Putting Mercury in CFLs in Perspective

This is an updated version of the post that originally appeared here.

I'm a fan of CFLs, but I can understand how the small amount of mercury in them can worry some. If you're worried about the tiny bit of mercury in CFLs, I can't tell you one way or another how to decide for your home, all I can do is give you the facts that are available, and let you make your own decision. What I can do though is call out those who (whether they know it or not) try to mislead others with fears about mercury.

There are three important things to keep in perspective when looking at mercury and CFLs. I covered the first 2 in our post written over two years ago titled Mercury and CFL recyling:

1: The amount of mercury in CFL bulbs is a very small amount. From our earlier post:
The biggest drawback to these light bulbs is the small amount of mercury contained in them. As stated in this handy factsheet created by Energy Star, the average CFL contains 4 milligrams of mercury. I know you’re scratching your head trying to visualize 4 mg. Remember the old thermometers you had to stick under your tongue when the “hand to the forehead” wasn’t enough. That contained 500 mg (125 CFLs) of Mercury! That’s not saying the Mercury in CFL’s doesn’t matter, it just means that we have to be reasonable with objections.
2: Many places now recycle CFLs for you! Use this handy recycle station finder from Earth 911 to find a place to recycle yo....

I hit on the number 3 thing to keep in perspective recently when we received a comment on our Best Lighting Cost Comparison post from Jackson, who is ill-informed on mercury emissions and the environment, and I didn't appreciate his smug attitude. His comment:

"Are we all so caught up in feeling good about being “Green” that we completely negate the future feelings of what it will be like to pay more for drinking water than we do for gasoline? That’s right everyone, Mercury is a poison. Perhaps Edison was right in the first place? CFL’s are what happen when you allow government to run your lives. Good luck with all your “Feelings” of saving the planet. Such small thinkers, tisk tisk. I am burning all incan’s and have enough stashed away to last me a lifetime. One thing for certain I will be greener than all of you CFL lovers."

And here was my reply:

"Hey Jackson….do tell me what part of the country you live in? Unless it’s the Northwest, I’m guessing the majority of your electricity comes from coal. From this link from Popular Mechanics comparing Mercury emitted from incandescent vs. CFLs:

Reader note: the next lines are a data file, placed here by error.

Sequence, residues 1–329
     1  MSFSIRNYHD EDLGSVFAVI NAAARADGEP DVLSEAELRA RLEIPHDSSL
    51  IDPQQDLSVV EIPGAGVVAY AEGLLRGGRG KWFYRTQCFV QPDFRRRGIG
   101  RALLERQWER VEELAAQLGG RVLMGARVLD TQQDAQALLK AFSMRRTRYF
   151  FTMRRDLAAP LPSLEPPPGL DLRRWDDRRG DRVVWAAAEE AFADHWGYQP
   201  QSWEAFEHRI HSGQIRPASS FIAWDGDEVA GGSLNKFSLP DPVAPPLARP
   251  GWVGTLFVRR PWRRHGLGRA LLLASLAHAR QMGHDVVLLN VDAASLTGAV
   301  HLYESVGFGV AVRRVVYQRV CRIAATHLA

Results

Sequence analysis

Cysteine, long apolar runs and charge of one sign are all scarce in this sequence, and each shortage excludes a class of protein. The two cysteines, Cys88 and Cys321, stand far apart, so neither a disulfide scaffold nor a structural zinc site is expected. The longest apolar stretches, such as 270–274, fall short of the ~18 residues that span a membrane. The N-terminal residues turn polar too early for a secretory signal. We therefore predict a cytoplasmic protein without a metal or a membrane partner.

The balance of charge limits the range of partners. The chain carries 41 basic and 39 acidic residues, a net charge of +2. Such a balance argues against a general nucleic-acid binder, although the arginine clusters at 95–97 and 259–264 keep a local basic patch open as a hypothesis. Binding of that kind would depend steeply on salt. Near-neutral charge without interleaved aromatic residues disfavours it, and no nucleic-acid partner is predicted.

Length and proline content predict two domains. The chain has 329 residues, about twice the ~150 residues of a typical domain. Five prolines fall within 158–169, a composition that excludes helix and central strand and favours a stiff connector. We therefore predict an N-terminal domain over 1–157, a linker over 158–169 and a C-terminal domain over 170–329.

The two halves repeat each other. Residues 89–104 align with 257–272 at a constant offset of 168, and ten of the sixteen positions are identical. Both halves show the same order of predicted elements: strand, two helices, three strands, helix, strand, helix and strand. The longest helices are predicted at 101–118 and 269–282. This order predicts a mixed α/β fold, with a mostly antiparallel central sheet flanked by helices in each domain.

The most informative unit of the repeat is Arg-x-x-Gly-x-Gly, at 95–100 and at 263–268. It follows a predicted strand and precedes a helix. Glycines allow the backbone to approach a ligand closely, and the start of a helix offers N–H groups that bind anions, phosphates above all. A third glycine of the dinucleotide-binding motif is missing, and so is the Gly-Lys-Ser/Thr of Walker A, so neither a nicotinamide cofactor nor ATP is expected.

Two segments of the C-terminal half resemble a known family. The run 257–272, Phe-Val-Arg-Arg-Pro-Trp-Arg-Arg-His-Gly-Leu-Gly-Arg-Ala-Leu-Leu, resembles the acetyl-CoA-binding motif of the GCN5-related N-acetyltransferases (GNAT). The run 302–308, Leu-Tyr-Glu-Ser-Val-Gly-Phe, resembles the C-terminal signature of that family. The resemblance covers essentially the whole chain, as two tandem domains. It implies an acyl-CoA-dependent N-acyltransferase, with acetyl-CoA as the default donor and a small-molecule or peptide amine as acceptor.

About 50 percent of the electricity produced in the U.S. is generated by coal-fired power plants. When coal burns to produce electricity, mercury naturally contained in the coal releases into the air. In 2006, coal-fired power plants produced 1,971 billion kilowatt hours (kwh) of electricity, emitting 50.7 tons of mercury into the air—the equivalent amount of mercury contained in more than 9 billion CFLs (the bulbs emit zero mercury when in use or being handled).
Approximately 0.0234 mg of mercury—plus carbon dioxide, sulfur dioxide and nitrogen oxide—releases into the air per 1 kwh of electricity that a coal-fired power plant generates. Over the 7500-hour average range of one CFL, then, a plant will emit 13.16 mg of mercury to sustain a 75-watt incandescent bulb but only 3.51 mg of mercury to sustain a 20-watt CFL (the lightning equivalent of a 75-watt traditional bulb). Even if the mercury contained in a CFL was directly released into the atmosphere, an incandescent would still contribute 4.65 more milligrams of mercury into the environment over its lifetime.

3: Coal burned to produce electricity to power incandescents emits more mercury than CFLs would!

Of course this mercury is spread out in our environment, and not right in your home, but on a national policy perspective, I would encourage everyone to use CFLs so our collective environment (and thus the land we live on and the food we eat) is less contaminated. Now, if I had a small child at home, I would still use CFLs, I would just be ever vigilant to ensure the CFLs didn't break in my home. If one did break, I would follow these steps to clean up a broken CFL properly.